Animal studies have shown that rooibos has anti-mutagenic, immune-modulating, and cancer protective activity due to its flavonoid content. They protect against genetic damage to cells and inhibit skin tumors. Two specific flavonoids found in rooibos, quercetin and luteolin, have known cancer fighting qualities. Scientists are evaluating the possibility that rooibos can activate an enzyme that gives protection against liver and colon cancer. Rooibos flavonoids are also credited with its bronchodilator effects and anti-inflammatory activity, explaining its usefulness at treating respiratory disorders, allergies, asthma, and other ailments. (http://www.vegetarian-nutrition.info/herbs/rooibos.php)

Rooibos contains aspalathin and nothofagin, two antioxidants found in few other food sources. Credited with reducing the aging of the brain (it prevents age-related accumulation of lipid oxidation), and preventing or inhibiting chronic and degenerative diseases, the biological activity of rooibos' antioxidants is clear. (https://www.naturalnews.com/031536_rooibos_tea_South_Africa.html)

Health benefits of rooibos phytonutrients

Like any superfood, the healthful biological effects of the phtyonutrients of rooibos translate to a whole host of benefits. You get the most benefit from drinking it. Studies are ongoing to verify its traditional uses and potential applications. One study of significance indicates that changes in production seasons and the quality grade effects the phenolic content and antioxidant activity (http://www.ncbi.nlm.nih.gov/pubmed/22920220). No effect was noted on total polyphenol content.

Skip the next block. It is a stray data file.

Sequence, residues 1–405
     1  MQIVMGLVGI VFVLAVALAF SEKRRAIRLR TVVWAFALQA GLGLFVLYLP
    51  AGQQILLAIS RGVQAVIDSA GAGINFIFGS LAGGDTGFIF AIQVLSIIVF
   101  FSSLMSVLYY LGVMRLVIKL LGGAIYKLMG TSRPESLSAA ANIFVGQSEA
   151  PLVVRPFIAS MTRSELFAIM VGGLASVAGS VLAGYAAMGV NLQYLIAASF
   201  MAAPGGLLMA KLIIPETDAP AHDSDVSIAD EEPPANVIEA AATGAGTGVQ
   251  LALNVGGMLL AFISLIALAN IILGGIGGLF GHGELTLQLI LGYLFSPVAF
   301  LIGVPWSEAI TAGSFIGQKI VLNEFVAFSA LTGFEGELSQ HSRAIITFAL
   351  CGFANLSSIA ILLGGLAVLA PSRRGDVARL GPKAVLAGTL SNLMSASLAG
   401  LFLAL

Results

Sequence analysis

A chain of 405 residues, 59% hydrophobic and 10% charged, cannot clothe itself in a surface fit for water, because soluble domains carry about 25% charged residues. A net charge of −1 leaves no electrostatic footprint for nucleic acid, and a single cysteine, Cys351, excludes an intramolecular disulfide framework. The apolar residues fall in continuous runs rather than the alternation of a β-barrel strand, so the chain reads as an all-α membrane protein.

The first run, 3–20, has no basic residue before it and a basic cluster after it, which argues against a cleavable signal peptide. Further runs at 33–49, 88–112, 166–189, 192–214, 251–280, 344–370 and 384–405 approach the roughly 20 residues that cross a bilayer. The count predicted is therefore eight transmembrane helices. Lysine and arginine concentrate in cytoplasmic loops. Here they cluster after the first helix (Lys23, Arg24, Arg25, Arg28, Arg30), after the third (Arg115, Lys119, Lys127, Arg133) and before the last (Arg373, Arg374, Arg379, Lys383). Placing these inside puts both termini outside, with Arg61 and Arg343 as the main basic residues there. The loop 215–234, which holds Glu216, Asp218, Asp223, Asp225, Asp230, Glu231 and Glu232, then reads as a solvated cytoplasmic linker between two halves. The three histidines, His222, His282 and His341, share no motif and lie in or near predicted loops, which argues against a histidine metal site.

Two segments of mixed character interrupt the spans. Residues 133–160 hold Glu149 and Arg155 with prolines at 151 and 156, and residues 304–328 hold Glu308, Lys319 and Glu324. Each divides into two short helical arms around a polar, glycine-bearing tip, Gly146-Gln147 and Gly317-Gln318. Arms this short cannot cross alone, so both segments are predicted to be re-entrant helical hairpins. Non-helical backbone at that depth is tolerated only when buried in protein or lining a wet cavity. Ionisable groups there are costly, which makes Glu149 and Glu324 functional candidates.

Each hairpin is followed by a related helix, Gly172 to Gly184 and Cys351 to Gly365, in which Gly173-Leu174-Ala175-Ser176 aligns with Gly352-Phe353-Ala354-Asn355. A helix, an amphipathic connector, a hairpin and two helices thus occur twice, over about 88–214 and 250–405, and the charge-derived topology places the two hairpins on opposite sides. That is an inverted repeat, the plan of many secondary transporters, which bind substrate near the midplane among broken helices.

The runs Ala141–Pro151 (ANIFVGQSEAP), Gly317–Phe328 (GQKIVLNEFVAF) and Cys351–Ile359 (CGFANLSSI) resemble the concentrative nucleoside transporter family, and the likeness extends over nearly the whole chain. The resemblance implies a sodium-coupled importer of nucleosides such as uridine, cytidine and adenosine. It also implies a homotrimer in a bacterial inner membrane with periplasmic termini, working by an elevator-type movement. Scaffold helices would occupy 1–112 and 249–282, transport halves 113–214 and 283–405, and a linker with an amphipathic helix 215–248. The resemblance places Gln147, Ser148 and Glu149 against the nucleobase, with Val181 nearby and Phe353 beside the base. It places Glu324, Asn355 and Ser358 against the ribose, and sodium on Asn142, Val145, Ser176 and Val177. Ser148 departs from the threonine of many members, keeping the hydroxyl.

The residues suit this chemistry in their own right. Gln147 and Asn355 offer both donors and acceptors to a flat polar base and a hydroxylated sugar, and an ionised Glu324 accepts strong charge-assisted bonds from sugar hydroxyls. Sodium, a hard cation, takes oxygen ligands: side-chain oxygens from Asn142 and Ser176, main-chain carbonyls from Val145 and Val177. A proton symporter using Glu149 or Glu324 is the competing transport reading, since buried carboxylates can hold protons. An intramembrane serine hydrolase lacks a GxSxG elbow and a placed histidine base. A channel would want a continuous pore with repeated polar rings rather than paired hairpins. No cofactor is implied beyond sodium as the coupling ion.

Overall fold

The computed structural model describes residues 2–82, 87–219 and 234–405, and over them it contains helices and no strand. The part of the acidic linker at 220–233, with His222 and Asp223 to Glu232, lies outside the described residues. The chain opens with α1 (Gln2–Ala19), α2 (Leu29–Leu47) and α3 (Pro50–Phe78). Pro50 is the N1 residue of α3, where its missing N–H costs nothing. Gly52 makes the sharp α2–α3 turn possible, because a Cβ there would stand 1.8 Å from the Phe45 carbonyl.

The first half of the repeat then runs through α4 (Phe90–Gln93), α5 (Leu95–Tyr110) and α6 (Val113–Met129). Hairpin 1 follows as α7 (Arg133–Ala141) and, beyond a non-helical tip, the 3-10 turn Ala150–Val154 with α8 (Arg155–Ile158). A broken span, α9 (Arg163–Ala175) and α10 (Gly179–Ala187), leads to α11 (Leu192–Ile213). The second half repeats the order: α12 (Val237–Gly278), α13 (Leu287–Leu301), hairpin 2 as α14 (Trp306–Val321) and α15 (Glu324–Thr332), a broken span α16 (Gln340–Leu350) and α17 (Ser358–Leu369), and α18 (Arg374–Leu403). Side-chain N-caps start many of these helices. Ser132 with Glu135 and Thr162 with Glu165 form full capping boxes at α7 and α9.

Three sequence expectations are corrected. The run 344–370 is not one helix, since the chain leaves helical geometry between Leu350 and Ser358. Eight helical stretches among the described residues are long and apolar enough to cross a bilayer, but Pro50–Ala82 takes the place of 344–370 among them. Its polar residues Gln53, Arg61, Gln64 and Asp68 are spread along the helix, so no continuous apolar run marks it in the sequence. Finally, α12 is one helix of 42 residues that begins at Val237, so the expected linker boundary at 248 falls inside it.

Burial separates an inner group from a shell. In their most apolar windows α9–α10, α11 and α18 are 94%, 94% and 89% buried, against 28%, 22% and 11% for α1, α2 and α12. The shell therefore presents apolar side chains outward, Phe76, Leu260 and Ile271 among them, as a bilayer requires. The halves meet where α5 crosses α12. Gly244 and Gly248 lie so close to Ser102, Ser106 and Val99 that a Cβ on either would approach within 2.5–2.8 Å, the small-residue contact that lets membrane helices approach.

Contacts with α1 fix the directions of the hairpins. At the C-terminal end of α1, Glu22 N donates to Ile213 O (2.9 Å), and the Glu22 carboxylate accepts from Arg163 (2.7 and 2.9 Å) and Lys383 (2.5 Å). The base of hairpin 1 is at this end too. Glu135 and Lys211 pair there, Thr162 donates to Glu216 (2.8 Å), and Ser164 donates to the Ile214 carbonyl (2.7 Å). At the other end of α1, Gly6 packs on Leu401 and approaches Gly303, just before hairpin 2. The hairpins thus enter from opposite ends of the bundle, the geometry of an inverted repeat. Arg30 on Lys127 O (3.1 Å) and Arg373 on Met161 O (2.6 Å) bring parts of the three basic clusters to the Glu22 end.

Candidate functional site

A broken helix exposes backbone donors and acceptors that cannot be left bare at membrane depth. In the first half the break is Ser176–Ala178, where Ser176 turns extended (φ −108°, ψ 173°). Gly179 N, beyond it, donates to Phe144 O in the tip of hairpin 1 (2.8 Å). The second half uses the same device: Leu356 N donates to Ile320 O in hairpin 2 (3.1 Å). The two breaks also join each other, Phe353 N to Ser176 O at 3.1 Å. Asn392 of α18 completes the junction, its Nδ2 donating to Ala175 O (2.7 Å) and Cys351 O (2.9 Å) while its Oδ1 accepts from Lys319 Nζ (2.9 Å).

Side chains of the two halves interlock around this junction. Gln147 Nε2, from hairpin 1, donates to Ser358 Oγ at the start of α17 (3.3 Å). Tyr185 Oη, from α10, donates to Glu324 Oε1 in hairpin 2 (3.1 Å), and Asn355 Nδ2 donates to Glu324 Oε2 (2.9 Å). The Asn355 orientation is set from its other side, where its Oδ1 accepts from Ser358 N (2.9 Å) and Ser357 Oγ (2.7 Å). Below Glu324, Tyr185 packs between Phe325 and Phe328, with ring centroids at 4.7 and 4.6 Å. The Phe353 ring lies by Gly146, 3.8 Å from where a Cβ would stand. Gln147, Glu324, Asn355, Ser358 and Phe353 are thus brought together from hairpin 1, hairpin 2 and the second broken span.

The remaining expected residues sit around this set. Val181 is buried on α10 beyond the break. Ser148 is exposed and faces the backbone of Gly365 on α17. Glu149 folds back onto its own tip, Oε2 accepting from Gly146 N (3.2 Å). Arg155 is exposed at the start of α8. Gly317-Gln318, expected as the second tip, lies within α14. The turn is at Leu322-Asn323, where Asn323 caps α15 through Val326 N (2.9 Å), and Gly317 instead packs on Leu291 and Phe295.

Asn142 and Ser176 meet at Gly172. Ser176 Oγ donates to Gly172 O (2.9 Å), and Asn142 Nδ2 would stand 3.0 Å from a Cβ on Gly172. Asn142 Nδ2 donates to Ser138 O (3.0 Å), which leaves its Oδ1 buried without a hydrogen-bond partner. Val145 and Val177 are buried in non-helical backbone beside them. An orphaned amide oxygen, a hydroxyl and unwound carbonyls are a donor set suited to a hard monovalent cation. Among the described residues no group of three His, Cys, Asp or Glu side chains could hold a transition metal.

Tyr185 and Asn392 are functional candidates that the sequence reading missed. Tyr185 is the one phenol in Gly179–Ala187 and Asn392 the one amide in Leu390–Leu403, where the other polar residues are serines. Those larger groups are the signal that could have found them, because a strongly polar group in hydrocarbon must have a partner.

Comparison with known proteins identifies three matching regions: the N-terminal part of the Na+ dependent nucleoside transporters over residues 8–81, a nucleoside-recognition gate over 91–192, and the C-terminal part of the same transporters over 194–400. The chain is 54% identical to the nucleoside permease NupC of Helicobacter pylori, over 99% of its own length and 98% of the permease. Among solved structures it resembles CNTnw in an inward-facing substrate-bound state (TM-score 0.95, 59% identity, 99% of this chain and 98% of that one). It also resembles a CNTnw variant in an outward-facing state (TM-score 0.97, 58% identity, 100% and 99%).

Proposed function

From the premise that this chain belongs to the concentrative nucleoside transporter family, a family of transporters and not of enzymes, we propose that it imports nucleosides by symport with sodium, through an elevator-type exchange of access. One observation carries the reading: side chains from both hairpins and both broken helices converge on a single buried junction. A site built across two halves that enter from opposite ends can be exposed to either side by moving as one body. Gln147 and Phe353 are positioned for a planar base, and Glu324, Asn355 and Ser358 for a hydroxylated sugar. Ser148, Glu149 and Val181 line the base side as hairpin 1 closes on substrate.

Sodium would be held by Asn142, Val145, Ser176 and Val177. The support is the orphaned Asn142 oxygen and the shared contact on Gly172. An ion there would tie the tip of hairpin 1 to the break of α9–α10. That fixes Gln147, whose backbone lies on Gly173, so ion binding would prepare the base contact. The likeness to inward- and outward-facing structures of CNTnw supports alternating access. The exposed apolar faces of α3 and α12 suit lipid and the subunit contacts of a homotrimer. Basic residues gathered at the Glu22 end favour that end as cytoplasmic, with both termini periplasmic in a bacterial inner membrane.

Rooibos is also said to ease nervous tension, headaches, and digestive problems such as heartburn, indigestion, nausea, and constipation. Initial studies showing inhibition of xanthine oxidase suggests it could limit uric acid production, aiding in gout treatments. (http://en.wikipedia.org/wiki/Rooibos)

Additional benefits include (https://www.naturalnews.com/035923_coffee_rooibos_energy.html):

• It is good for the cardiovascular system. It reduces heart disease through ACE inhibition, reduces lipid peroxidation, LDL cholesterol, and triglycerides. It also increases HDL cholesterol levels, compared with control groups, and lowers blood pressure.

• It strengthens bones and teeth

• It protects cell proteins, cell fats, and DNA

• It suppresses fasting glucose levels, and improves glucose uptake and insulin secretions after eating

• It aids in liver tissue regeneration

• It inhibits rotavirus infection

• It has no known side-effects

Many studies have been conducted on rooibos over the last few decades. They suggest that the potent antioxidant activity coupled with the phenolic compounds gives rooibos tea powerful phytochemical properties that are good for you and that show potential in medicinal application. Though scientists are still unlocking its potential, it is clear that rooibos tea is an excellent addition to any diet.